4.4.6 pde.solvers.explicit_mpi module

Defines an explicit solver using multiprocessing via MPI

class ExplicitMPISolver(pde, scheme='euler', decomposition=-1, *, backend='auto', adaptive=False, tolerance=0.0001)[source]

Bases: ExplicitSolver

various explicit PDE solve using MPI


This solver can only be used if MPI is properly installed. In particular, python scripts then need to be started using mpirun or mpiexec. Please refer to the documentation of your MPI distribution for details.

The main idea of the solver is to take the full initial state in the main node (ID 0) and split the grid into roughly equal subgrids. The main node then distributes these subfields to all other nodes and each node creates the right hand side of the PDE for itself (and independently). Each node then advances the PDE independently, ensuring proper coupling to neighboring nodes via special boundary conditions, which exchange field values between sub grids. This is implemented by the get_boundary_conditions() method of the sub grids, which takes the boundary conditions for the full grid and creates conditions suitable for the specific sub grid on the given node. The trackers (and thus all input and output) are only handled on the main node.


The function providing the right hand side of the PDE needs to support MPI. This is automatically the case for local evaluations (which only use the field value at the current position), for the differential operators provided by pde, and integration of fields. Similarly, modify_after_step can only be used to do local modifications since the field data supplied to the function is local to each MPI node.


A minimal example using the MPI solver is

from pde import DiffusionPDE, ScalarField, UnitGrid

grid = UnitGrid([64, 64])
state = ScalarField.random_uniform(grid, 0.2, 0.3)

eq = DiffusionPDE(diffusivity=0.1)
result = eq.solve(state, t_range=10, dt=0.1, solver="explicit_mpi")

if result is not None:  # restrict the output to the main node

Saving this script as multiprocessing.py, a parallel simulation is started by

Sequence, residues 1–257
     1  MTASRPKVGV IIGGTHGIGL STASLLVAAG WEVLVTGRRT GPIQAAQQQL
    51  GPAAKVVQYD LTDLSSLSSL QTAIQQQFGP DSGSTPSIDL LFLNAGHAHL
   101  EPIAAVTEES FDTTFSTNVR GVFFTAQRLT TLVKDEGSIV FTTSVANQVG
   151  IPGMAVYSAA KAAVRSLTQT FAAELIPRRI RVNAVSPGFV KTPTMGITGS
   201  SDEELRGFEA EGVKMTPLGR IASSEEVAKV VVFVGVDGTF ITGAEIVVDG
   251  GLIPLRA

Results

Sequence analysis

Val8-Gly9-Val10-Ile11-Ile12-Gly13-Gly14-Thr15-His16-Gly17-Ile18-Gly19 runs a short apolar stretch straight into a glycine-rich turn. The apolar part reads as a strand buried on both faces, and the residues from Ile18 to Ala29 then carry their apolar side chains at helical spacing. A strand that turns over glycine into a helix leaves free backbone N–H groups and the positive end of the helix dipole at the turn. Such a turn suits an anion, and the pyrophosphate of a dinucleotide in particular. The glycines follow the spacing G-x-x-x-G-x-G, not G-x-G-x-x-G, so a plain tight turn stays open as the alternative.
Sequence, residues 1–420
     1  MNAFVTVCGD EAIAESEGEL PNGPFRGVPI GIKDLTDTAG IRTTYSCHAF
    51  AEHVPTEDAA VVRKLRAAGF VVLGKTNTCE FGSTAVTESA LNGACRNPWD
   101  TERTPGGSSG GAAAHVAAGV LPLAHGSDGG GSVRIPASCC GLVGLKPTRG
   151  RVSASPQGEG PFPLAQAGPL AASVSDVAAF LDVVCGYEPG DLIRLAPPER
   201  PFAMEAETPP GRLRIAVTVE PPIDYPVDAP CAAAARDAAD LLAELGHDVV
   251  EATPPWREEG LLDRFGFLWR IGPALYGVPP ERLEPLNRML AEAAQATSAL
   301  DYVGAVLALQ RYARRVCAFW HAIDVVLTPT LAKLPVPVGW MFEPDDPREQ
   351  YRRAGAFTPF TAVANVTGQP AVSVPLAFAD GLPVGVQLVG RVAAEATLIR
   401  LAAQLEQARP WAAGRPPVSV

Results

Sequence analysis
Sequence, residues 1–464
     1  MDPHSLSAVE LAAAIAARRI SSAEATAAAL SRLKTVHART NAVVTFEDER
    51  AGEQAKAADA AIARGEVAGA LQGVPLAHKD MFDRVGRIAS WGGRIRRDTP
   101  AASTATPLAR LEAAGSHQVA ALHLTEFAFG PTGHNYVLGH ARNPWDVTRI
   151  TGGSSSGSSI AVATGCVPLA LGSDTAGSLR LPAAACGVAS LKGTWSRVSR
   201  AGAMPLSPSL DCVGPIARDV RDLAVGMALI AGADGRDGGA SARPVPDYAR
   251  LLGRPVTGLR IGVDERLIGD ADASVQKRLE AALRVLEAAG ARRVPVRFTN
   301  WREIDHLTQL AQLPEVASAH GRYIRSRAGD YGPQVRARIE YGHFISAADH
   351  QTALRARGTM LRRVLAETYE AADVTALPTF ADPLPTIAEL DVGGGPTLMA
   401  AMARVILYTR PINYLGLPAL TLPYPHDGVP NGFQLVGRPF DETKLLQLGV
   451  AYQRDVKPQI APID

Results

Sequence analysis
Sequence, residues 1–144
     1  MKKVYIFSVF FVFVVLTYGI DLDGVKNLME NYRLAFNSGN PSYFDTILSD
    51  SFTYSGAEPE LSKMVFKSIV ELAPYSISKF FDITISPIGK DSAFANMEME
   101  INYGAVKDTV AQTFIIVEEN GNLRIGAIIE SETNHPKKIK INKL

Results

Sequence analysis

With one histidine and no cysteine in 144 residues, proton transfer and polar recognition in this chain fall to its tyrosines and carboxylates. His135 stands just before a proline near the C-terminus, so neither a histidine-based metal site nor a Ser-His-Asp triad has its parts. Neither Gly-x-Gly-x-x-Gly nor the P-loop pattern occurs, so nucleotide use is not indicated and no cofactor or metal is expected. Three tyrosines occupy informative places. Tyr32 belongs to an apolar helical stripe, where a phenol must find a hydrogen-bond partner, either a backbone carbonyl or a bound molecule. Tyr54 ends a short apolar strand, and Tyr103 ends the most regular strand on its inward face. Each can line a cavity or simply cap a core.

mpiexec -n 2 python3 multiprocessing.py

Here, the number 2 determines the number of cores that will be used. Note that macOS might require an additional hint on how to connect the processes even when they are run on the same machine (e.g., your workstation). It might help to run mpiexec -n 2 -host localhost python3 multiprocessing.py in this case

  • pde (PDEBase) – The instance describing the pde that needs to be solved

  • scheme (str) – Defines the explicit scheme to use. Supported values are ‘euler’ and ‘runge-kutta’ (or ‘rk’ for short).

  • decomposition (list of ints) – Number of subdivision in each direction. Should be a list of length grid.num_axes specifying the number of nodes along this axis. If one value is -1, its value will be determined from the number of available nodes. The default value decomposed the first axis using all available nodes.

  • backend (str) – Determines how the function is created. Accepted values are ‘numpy` and ‘numba’. Alternatively, ‘auto’ lets the code decide for the most optimal backend.

  • adaptive (bool) – When enabled, the time step is adjusted during the simulation using the error tolerance set with tolerance.

  • tolerance (float) – The error tolerance used in adaptive time stepping. This is used in adaptive time stepping to choose a time step which is small enough so the truncation error of a single step is below tolerance.

make_stepper(state, dt=None)[source]

return a stepper function using an explicit scheme

  • state (FieldBase) – An example for the state from which the grid and other information can be extracted

  • dt (float) – Time step of the explicit stepping. If None, this solver specifies 1e-3 as a default value.


Function that can be called to advance the state from time t_start to time t_end. The function call signature is (state: numpy.ndarray, t_start: float, t_end: float)

Return type:

Callable[[FieldBase, float, float], float]

name = 'explicit_mpi'